The truth about living with autism

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4 min readApr 12, 2024


🧠 In honor of World Autism Month, three neurodivergent people share their stories
Also today: A devastating dual diagnosis, everything you always wanted to know about ticks (but were too creeped out to ask), and the power of living abroad

Every April, the advocacy group Autism Speaks celebrates World Autism Month. Their intention is to spread awareness of the complex developmental condition, which affects some 75 million people worldwide, and dispel misconceptions about it.

In “I’m a ‘highly functional’ Autistic. It takes a lot of work,” social psychologist and Unmasking Autism author

does just that, providing frank and moving insight into what it’s like to navigate a neurotypical world as a neuroatypical person. Here he is, for example, on the struggles he faces with noise: “For a few years, my partner and I lived on a busy corner where traffic fed into the highway. Loud honking, yelling voices, and ambulances would annoy me all day and night. It left me constantly on edge. I’d yell out my window, at no one in particular, to drain off some of my frustration and rage. I’d stomp around the house, pissed off, wanting to smack myself with a hair brush to calm myself down. I’d close myself away in the closet and turn all the lights off, but it didn’t help much.”

My journey to being diagnosed with autism at 32,” by

, meanwhile, sheds much needed light on that experience. Did you know it can cost as much as $4,000 just to get screened for autism? That the severe premenstrual disorder PMDD disproportionately affects people with the condition? That many adults with autism report feeling “more autistic” as they mature? “Which is untrue,” Lynn writes. “Those with autism are born with it, but at a certain point the weight of societal expectations and layers of overwhelming demands or trauma become too much for us to handle, and we hit a breaking point.”


outlines the many ways autistic people experience gaslighting. “I have been told by colleagues, family members, friends and trolls online that my symptoms aren’t autistic and that I am making it up,” Said writes. She then documents some of the specific ways people try to deny her condition — “You don’t look autistic,” “Everyone is a little autistic,” “It’s all in your head” — and explains why each of them is untrue, hurtful, foolish, or all of the above.

What else we’re reading

  • Petit Munster Is an Acquired Taste,” by , a straightforward, six-paragraph ode to one particularly fragrant fromage, is short and sweet. Or perhaps more accurately, short and stinky. Nikov writes: “For the intrepid eater who can stomach the rind’s pungent smell — somewhere along the spectrum of cheese crisps, sweaty feet, and bird poo — a surprise awaits on the inside: a lush, creamy, spreadable interior with a mellow flavor and a decadent mouthfeel that lingers on your palate and practically melts your heart.” As someone who appreciates the value of a good, simple recommendation, particularly if it involves cheeses that smell like feet, I say, “Yes, please!”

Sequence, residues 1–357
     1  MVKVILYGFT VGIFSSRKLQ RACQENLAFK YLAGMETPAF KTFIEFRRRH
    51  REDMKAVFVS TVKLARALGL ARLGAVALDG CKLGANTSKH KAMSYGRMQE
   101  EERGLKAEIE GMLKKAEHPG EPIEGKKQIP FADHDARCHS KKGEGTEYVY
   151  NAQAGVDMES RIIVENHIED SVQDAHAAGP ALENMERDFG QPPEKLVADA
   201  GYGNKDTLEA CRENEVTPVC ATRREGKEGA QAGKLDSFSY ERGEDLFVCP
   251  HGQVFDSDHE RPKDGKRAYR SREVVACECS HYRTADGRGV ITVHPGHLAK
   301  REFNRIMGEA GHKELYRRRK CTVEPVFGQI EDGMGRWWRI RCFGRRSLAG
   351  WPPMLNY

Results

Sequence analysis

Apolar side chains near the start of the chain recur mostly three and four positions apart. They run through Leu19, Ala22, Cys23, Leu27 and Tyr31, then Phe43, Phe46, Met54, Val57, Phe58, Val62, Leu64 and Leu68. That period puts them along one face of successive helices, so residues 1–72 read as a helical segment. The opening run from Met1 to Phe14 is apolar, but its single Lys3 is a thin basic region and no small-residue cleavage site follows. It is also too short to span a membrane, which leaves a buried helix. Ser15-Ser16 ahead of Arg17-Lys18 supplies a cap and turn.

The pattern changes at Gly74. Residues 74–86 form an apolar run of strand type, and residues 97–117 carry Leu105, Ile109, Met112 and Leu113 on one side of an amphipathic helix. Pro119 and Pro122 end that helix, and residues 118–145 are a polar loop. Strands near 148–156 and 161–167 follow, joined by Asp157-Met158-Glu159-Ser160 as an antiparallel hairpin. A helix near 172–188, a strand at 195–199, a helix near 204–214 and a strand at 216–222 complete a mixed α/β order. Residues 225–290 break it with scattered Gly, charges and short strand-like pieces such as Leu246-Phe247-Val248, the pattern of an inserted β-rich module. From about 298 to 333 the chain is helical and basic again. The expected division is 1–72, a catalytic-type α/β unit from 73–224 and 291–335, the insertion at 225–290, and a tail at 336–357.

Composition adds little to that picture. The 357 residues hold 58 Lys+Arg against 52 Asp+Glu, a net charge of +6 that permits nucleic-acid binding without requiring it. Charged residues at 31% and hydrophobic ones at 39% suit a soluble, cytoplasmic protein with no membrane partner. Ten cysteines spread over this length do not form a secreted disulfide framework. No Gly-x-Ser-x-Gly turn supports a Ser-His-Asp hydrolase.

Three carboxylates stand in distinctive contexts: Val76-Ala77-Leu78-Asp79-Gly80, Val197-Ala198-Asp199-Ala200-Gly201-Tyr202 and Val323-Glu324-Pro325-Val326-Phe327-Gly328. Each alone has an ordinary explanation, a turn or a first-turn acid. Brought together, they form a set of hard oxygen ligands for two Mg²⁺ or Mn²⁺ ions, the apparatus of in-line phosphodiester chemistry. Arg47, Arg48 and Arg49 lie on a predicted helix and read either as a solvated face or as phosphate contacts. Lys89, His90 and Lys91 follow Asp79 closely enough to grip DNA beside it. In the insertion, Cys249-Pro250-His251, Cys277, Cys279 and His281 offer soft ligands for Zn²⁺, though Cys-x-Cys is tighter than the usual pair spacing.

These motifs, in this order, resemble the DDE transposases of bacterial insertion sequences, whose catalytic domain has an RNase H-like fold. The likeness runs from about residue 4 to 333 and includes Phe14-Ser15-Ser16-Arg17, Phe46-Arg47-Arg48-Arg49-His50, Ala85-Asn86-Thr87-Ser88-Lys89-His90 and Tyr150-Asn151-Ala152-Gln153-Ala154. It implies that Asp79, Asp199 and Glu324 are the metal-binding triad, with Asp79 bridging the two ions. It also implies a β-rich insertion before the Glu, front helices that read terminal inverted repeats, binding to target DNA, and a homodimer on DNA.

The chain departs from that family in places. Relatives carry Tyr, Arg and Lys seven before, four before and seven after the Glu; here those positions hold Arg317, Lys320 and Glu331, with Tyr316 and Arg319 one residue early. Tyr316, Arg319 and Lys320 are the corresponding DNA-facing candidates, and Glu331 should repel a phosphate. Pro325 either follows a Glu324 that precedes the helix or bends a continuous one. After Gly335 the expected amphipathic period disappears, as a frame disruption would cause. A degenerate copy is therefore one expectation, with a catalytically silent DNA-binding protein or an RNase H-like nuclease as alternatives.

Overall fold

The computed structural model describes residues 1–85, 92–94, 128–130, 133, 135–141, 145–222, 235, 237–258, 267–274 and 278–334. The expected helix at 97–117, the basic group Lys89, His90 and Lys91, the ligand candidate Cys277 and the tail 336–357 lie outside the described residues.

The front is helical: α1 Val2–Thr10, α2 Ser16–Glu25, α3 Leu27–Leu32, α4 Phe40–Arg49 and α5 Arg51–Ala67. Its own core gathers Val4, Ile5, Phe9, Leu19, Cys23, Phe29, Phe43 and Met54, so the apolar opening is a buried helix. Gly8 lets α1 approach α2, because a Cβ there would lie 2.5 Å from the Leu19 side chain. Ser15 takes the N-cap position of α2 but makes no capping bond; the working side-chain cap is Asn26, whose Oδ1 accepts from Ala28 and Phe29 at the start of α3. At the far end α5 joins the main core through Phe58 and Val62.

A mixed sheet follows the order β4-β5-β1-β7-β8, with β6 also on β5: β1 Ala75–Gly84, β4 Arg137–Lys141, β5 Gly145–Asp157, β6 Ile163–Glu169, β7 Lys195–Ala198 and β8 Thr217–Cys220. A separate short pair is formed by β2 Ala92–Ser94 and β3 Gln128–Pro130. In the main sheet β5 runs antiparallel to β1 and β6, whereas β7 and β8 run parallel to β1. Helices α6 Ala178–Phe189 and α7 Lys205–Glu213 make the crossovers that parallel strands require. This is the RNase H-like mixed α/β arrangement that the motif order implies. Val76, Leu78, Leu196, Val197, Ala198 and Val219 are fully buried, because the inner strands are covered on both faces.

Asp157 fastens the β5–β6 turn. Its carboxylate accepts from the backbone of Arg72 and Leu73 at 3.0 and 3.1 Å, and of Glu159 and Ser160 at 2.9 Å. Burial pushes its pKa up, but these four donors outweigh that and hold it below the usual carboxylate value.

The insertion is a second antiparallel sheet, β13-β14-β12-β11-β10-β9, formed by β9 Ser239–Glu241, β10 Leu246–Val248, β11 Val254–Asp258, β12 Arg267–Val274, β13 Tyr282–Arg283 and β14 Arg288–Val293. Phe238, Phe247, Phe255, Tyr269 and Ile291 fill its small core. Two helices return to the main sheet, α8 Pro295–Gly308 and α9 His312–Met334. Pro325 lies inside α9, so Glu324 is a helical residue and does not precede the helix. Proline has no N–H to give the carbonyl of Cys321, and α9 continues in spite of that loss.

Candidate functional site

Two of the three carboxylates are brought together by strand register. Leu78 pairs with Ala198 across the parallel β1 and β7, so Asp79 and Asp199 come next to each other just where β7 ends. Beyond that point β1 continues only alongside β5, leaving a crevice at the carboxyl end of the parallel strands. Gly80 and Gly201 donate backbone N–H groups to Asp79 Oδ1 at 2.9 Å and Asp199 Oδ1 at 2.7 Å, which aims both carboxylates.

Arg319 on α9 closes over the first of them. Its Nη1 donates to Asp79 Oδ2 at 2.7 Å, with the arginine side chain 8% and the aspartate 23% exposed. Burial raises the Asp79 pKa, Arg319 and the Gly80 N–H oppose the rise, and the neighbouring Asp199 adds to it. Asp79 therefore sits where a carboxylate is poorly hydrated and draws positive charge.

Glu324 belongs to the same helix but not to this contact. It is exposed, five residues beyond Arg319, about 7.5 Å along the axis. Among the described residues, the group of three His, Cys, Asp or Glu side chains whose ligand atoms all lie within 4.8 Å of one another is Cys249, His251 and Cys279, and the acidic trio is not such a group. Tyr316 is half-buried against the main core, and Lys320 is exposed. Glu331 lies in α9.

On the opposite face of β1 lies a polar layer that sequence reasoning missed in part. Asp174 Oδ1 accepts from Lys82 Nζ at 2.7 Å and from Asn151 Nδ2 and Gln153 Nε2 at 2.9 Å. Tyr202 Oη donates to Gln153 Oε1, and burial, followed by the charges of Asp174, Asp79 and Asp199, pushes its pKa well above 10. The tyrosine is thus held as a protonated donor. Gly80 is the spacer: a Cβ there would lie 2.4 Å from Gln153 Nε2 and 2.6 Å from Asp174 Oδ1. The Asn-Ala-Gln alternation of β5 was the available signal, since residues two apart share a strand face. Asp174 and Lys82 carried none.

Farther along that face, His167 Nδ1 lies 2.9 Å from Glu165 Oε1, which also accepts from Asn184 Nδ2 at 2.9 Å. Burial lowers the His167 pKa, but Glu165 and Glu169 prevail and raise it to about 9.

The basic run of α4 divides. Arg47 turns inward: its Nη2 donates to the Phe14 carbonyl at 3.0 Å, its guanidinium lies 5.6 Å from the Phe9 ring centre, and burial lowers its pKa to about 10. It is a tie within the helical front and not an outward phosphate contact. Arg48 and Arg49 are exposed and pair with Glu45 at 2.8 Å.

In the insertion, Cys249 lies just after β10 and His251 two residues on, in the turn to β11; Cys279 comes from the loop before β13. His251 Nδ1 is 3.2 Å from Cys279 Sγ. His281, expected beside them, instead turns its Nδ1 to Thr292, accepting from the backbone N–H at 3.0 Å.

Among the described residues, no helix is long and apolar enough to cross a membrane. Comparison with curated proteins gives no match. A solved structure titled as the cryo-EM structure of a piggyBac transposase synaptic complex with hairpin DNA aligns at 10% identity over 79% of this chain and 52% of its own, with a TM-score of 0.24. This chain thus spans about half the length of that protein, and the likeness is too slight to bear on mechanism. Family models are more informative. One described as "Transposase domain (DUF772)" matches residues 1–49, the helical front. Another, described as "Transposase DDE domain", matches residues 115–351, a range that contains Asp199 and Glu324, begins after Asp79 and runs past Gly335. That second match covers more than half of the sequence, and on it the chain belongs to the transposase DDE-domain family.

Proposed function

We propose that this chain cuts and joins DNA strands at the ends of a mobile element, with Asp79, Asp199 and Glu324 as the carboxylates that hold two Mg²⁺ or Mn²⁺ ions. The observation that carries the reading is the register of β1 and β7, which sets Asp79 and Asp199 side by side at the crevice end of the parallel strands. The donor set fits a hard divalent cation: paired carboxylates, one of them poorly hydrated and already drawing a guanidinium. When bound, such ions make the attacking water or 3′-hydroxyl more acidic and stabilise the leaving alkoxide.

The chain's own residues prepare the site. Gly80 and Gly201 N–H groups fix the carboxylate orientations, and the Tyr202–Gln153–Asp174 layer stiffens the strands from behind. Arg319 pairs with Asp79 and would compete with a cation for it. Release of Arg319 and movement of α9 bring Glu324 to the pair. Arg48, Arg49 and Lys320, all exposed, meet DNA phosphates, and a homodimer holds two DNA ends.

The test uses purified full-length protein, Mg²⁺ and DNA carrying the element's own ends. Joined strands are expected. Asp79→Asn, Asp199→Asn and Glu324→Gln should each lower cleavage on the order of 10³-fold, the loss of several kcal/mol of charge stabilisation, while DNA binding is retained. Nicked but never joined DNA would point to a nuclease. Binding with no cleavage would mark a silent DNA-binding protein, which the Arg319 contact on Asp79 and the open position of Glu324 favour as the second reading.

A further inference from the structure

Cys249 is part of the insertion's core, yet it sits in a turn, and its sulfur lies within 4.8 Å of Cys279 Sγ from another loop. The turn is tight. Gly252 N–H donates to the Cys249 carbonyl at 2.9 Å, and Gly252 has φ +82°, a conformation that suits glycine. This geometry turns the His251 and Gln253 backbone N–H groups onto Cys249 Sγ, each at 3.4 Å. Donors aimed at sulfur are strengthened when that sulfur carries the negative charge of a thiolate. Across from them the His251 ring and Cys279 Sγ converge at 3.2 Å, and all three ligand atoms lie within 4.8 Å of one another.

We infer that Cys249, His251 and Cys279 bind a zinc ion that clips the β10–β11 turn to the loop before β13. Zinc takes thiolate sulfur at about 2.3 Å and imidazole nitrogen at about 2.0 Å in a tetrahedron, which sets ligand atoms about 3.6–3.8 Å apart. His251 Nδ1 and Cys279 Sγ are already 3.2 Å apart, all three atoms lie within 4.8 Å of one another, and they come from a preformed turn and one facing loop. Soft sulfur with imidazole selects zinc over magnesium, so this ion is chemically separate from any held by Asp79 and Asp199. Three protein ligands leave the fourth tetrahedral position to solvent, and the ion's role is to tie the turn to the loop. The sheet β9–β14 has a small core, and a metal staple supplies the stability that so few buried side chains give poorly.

• is a longtime Medium contributor whose 2020 post “Prepare for the Ultimate Gaslighting,” a re-examination of what is, and isn’t, important in life inspired by the COVID-19 pandemic, led to his book Please Unsubscribe (Simon & Schuster). In “And Then Cancer Struck. Both of Us,” Julio tells the story of how his fiancé and he were diagnosed with cancer — acute leukemia and colon cancer, respectively, in that order — within a matter of months of getting engaged and offers unblinking insights into what the almost impossible to believe experience has been like. Gambuto’s fiancé has undergone chemotherapy and a bone marrow transplant. Gambuto recently had surgery and will begin chemotherapy soon. “It’s all been so extreme,” Gambuto writes. “All I can do is what I know has worked in life’s other dark moments: take a deep breath, forget about the past and the future — neither exist right now — and just take the next step.” We wish you both nothing but the best, Julio.

From the archive

“Spring is the time of plans and projects,” Tolstoy wrote in Anna Karenina. He forgot to mention ticks. Tickpocalypse, a collection of nine stories published in 2019, tells you everything you ever wanted to know about the subject, and then some. In addition to documenting a burgeoning Lyme disease pandemic (a term, eerily enough, that wasn’t yet in wide use), the package also covers everything from how, exactly, a tick sucks your blood and makes you sick (one fun part of that: a tick’s saliva contains an anticoagulant that prevents blood from clotting, allowing it to feed continuously for days) to gene-edited tick-resistant mice being developed to curb the spread of Lyme (researchers are using CRISPR to edit the genes of white-footed mice, the primary carriers of the Lyme bacterium, so that they can’t be infected in the first place).

Your daily dose of practical wisdom (about broadening kids’ cultural horizons)

“Living in another country teaches young people perspective, humility, and appreciation — about other countries and their own. If you get to know people in another country, it is impossible to slide into hatred towards the people of that nation.” —

in “Save the World: Send Your Kids Abroad!

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